Here's a thing I hadn't mentioned to y'all yet: I was supposed to spend tomorrow and Friday (the Fourth of July, American independence day) in the West Bank, on a Bethlehem Encounter Tour for Rabbinical Students and Jewish Educators. On Monday night the participants gathered at Yakar for a pre-trip briefing session. We had a great evening; I felt sparkly and extra-awake the whole time we were together. Last night I dreamed that I was already on the bus with them to Bethlehem, and I woke today excited, wishing the day of the trip were already here.
But because someone drove a bulldozer into a bus today, smashing several cars and killing three people, the trip has been canceled.
My first sorrow is for the families of those who were killed today. Baruch dayan emet. May the Source of Peace bring peace to all who mourn and comfort to all who are bereaved. But on a personal level, I'm sad and frustrated because this trip was one of the things I most wanted to do while I'm in Israel this summer. (The next trip will be in the fall, when I'm already back home again.)
Encounter is an amazing organization. On Monday night the tour participants studied Encounter's values statement together. Their values include Shema/Listening, Kavod/Dignity, Hokhma/Wisdom, Rachamim/Compassion, Petichat Lev/Openness, B'khol naf'shka/Holism, and Elu v/elu/Multiple voices. Reading about these values, I felt like I was reading an articulation of my own deepest heart. Now I'm feeling loss because I'm missing the chance to spend time with others for whom those are core ideals. And I'm missing the chance to meet people whose experiences and perspectives are likely to be deeply foreign to me, and perhaps to build small personal bridges across a profound political and religious gap.
Our itinerary included a visit to the Hope Flowers School in El-Khader, a bus tour of the Bethlehem area and Separation Barrier, a political presentation designed to be an overview of current issues in the Palestinian-Israeli conflict, and field visits to meet with folks at Shir'aa: The Laborers Association for Studies and Development and the Al-Rowwad Cultural and Theater Training Center. We were also going to pray three times a day (I was slated to lead ma'ariv tomorrow night), and most of us were going to spend tomorrow night as guests in Palestinian homes. (I meant to bring maple syrup as a hospitality gift, as Ethan often does when he travels; since I left it on our kitchen counter in Lanesboro, I bought a fancy tin of chocolates here instead, which sits forlorn in my pantry now.)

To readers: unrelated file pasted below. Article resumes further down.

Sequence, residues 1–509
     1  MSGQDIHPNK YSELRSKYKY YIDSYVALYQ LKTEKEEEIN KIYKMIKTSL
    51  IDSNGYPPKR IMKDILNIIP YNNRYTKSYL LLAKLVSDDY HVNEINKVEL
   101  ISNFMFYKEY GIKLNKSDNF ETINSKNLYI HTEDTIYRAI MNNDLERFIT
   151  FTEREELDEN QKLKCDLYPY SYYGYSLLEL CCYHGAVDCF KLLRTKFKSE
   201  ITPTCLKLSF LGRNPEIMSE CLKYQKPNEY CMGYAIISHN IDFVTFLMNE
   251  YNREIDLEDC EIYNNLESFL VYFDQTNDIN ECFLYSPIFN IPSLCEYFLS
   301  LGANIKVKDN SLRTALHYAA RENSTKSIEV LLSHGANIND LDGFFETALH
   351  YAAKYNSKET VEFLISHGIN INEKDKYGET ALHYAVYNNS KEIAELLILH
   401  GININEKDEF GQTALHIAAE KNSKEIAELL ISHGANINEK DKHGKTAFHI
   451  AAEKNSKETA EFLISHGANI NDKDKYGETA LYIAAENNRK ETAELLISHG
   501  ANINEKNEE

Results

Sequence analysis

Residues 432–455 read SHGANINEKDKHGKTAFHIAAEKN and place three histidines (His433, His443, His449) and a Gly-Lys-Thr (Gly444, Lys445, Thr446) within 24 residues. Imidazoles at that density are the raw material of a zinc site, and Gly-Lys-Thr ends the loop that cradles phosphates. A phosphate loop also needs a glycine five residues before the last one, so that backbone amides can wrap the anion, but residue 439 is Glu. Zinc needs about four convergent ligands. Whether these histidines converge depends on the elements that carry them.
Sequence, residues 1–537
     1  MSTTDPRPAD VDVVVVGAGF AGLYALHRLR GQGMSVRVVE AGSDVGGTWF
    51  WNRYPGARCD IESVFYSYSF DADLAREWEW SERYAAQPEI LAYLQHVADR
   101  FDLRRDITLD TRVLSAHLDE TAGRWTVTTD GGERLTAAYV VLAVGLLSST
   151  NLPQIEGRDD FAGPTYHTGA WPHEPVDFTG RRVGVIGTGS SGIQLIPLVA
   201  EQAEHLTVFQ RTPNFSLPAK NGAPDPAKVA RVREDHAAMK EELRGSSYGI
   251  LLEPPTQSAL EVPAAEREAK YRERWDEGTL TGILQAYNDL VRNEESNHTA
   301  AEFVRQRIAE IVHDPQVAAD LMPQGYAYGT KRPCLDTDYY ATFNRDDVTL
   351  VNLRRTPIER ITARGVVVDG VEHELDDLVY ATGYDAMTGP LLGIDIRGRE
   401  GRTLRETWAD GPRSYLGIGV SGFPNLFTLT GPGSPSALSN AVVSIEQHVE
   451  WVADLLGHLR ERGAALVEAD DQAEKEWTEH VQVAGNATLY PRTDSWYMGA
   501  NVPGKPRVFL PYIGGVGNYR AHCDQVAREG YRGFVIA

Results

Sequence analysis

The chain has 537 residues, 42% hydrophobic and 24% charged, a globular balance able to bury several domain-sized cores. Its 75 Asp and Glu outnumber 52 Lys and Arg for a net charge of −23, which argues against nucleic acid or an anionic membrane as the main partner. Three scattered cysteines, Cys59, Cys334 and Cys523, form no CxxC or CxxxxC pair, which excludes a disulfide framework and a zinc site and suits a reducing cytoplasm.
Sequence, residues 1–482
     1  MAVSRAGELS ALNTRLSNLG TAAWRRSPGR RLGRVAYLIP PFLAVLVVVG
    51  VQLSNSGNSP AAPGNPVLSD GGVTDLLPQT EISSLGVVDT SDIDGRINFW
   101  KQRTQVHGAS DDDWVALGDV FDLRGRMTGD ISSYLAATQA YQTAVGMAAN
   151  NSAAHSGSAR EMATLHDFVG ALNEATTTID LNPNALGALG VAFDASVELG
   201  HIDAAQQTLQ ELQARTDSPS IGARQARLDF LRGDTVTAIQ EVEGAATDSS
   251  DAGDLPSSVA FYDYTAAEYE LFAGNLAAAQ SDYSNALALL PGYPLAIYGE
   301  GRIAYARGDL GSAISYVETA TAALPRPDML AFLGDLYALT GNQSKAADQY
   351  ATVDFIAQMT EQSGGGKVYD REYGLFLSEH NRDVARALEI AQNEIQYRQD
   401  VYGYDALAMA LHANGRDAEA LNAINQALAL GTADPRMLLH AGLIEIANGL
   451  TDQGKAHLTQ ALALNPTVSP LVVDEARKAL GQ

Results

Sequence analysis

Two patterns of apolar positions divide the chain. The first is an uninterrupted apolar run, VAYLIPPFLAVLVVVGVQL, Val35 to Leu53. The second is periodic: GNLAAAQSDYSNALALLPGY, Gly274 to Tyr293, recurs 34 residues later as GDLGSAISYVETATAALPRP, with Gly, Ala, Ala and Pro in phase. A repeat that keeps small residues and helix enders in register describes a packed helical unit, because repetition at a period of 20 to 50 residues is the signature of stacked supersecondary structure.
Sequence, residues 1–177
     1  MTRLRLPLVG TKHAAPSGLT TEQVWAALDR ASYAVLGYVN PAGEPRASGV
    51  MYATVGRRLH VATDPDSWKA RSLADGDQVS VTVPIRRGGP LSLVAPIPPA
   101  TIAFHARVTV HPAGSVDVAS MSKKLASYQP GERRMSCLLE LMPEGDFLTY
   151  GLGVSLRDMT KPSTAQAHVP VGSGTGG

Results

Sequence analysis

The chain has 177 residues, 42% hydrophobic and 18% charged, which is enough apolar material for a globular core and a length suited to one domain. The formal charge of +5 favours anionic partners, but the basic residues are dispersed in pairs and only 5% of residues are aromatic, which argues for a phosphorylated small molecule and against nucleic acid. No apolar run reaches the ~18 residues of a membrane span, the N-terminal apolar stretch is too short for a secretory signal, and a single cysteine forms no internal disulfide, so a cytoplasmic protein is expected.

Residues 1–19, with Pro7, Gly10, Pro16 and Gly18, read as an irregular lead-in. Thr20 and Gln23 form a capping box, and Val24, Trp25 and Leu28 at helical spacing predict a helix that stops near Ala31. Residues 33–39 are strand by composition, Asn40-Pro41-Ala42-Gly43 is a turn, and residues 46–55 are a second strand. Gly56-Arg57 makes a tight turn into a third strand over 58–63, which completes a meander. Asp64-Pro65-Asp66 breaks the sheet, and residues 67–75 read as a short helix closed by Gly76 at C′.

As cool as the formal meetings and presentations sounded, what I was really excited about was spending time with people: both the other rabbinic students and Jewish educators who would have been on the trip, and the Palestinians who were prepared to meet with us and and to share their experiences.The Encounter communication agreement urges us to "listen with resilience, 'hanging in' when we hear something that is hard to hear." That's a really compelling idea for me, and I wanted the chance to enact it in Bethlehem.
There are things I anticipated would be hard about the trip. Hearing perspectives and stories that would be painful for me. Encountering difficult realities. (Like reading Joe Sacco's graphic novel Palestine, which I reviewed some years ago, only -- well, real and 3-D and alive.) There are also things I anticipated would be sweet: really meeting people panim el panim (face-to-face). Hearing Palestinians tell their own stories. Seeing where our common ground might be. And then today happened, and then the trip disappeared -- just like that.
Of course, my disappointment at missing this opportunity for learning and dialogue pales laughably in comparison with the real tragedies of this awful cycle. Injury and death and loss; border closings which result in people being unable to reach their jobs or fields, or get to a hospital in time. These things happen here all the time. In a way, this experience of being thwarted by the realities of mistrust and violence is a piece of what I came all this way to encounter. I'm just sorry my encounter is with a death toll and a canceled adventure, instead of with human beings from whom I could have learned, and with whom I could have shared coffee and conversation.